The Future of the Postal Monopoly: American and European Perspectives After the Presidential Commission and Flamingo Industries
In December 2002, President Bush established the Presidential Commission on the United States Postal Service for the purpose of proposing how government provision of mail delivery services might be reformed or transformed. The Commission reported in July 2003 that the Postal Service should not be privatized but rather should remain a public entity that would increasingly be run like a commercial enterprise. In 2004, however, the Supreme Court moved the Postal Service farther away from being a true commercial enterprise when it held in the Flamingo Industries case that the agency is immune from antitrust law. In this article, we argue that the Postal Service already operates like a commercialized governmental enterprise and that pursuing that path even further would increase rather than decrease the problems faced by the U.S. postal sector.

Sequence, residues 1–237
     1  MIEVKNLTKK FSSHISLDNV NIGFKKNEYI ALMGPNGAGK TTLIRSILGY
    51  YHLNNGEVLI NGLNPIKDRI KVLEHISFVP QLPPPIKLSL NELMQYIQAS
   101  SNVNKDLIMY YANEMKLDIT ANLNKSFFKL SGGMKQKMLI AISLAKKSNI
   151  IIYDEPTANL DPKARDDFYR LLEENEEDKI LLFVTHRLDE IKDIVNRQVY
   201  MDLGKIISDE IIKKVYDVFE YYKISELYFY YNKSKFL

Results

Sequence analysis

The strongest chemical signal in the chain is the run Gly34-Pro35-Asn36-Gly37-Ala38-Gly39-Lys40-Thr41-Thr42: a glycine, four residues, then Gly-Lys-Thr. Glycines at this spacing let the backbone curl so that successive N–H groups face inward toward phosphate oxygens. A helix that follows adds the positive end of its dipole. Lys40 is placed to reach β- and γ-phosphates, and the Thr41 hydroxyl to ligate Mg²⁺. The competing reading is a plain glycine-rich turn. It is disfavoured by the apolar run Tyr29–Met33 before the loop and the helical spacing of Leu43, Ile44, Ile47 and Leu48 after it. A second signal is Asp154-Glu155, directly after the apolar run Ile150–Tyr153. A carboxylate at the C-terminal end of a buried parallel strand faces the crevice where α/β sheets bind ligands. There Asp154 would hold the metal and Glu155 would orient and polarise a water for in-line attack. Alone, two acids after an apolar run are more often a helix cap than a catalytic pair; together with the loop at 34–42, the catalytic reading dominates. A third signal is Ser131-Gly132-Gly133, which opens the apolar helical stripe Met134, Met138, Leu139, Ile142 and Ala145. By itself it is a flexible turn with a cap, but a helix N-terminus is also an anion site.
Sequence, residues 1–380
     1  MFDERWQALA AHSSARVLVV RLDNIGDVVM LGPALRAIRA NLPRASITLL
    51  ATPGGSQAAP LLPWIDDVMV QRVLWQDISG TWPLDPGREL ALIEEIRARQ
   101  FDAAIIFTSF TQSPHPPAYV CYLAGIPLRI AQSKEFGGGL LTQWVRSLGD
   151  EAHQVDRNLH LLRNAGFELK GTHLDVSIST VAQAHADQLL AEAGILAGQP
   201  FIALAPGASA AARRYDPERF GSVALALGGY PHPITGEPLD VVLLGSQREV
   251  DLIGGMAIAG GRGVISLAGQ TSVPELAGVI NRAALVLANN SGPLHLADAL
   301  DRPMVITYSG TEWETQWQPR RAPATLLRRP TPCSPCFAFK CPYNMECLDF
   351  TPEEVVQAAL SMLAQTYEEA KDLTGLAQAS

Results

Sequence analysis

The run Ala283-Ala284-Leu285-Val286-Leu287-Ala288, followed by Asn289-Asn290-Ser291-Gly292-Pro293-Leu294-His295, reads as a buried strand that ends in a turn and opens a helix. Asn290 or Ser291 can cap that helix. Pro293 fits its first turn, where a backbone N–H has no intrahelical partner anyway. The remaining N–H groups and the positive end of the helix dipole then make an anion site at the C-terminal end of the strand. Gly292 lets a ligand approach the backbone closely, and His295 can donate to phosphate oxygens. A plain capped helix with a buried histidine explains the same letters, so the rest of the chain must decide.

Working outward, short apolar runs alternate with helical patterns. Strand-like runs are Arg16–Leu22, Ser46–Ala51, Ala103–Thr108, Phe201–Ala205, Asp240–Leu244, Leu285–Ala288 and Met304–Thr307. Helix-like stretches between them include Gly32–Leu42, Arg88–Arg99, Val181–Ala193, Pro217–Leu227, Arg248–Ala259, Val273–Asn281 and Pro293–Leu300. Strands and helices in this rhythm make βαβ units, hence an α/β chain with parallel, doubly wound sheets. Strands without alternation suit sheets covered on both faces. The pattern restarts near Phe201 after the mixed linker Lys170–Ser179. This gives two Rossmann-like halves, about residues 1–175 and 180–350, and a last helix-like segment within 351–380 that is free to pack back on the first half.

Although we support privatization, that option may not be politically feasible. Consequently, we examine how postal reform might proceed incrementally in the form of an improved government agency. That approach would entail two broad principles for postal reform. The first is to define the Postal Service’s mission in terms of remedying conditions of market failure. That goal encompasses universal service, quality of service, and reasonableness of rates. The second broad principle is to avoid competitive distortions through the pricing and product offerings of the Postal Service. This principle entails avoiding government production in markets that are or can be served satisfactorily by private firms, as well as avoiding discrimination among mailers and among competitors in secondary markets. We then present specific recommendations that would advance these two broad goals if the Postal Service remains an agency of the federal government. Those recommendations encompass costing, universal service, rate design and mail classification, the postal monopoly, and market entry and exit — as well as legislative reversal of Flamingo Industries.